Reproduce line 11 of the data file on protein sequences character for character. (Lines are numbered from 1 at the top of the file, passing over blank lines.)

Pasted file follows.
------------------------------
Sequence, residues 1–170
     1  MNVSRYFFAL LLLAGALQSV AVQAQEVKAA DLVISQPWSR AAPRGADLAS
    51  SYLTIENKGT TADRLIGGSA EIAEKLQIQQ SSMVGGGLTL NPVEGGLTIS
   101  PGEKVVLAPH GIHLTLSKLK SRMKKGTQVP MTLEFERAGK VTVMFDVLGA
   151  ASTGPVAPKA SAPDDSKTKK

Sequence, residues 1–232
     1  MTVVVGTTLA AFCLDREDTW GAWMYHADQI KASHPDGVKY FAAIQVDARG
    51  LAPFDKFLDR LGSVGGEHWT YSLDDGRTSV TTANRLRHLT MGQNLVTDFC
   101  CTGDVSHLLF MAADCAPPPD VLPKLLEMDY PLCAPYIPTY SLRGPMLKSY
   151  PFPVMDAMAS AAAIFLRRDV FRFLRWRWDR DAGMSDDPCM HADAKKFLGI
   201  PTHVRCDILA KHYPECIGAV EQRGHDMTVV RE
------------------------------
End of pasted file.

   201  PTHVRCDILA KHYPECIGAV EQRGHDMTVV RE